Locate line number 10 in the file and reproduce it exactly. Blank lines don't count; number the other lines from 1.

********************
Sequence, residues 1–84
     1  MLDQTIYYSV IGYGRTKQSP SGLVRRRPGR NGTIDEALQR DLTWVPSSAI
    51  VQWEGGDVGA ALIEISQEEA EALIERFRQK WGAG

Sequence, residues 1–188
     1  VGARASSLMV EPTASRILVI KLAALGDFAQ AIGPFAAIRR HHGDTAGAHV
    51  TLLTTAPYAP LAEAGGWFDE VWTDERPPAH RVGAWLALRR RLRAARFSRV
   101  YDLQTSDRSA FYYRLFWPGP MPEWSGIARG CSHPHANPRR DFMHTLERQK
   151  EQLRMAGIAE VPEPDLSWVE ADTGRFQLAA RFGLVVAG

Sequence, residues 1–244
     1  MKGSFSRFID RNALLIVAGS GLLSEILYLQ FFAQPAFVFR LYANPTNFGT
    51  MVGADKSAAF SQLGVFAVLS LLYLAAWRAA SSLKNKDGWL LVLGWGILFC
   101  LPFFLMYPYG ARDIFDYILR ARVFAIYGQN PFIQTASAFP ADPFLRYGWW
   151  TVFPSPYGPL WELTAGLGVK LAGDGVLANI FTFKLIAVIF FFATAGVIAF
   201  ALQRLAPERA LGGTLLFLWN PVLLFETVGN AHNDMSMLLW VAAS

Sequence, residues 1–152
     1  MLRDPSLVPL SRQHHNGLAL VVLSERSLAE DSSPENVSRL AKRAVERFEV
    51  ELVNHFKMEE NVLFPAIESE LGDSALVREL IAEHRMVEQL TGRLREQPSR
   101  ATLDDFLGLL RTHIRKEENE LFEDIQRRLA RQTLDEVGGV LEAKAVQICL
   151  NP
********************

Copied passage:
     1  MKGSFSRFID RNALLIVAGS GLLSEILYLQ FFAQPAFVFR LYANPTNFGT